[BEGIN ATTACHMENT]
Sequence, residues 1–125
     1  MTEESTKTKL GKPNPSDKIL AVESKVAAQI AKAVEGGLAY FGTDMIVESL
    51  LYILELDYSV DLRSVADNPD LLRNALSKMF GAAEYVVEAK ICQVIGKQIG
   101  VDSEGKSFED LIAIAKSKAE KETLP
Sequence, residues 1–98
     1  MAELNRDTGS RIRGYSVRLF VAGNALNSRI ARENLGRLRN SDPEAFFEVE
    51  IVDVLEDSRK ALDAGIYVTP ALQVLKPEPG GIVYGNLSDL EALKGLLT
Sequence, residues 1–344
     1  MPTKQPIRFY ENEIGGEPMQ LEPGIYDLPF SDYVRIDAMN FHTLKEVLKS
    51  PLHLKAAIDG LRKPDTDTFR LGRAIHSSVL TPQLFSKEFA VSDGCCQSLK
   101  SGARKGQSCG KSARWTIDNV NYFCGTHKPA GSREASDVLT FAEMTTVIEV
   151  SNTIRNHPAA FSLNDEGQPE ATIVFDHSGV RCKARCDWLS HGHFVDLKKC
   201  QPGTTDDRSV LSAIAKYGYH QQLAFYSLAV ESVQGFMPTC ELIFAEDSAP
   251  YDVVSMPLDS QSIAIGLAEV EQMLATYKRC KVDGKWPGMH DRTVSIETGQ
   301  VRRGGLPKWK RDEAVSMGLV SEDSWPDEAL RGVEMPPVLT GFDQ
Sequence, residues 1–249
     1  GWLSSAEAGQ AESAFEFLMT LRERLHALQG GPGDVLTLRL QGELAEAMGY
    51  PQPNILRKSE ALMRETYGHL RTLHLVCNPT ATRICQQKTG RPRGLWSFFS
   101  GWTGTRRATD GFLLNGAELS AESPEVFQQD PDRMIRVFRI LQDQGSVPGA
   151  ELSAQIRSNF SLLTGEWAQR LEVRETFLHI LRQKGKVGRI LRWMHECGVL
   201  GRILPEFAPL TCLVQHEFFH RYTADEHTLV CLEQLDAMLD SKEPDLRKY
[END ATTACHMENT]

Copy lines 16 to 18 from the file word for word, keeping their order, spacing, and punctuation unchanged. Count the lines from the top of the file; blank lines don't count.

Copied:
Sequence, residues 1–249
     1  GWLSSAEAGQ AESAFEFLMT LRERLHALQG GPGDVLTLRL QGELAEAMGY
    51  PQPNILRKSE ALMRETYGHL RTLHLVCNPT ATRICQQKTG RPRGLWSFFS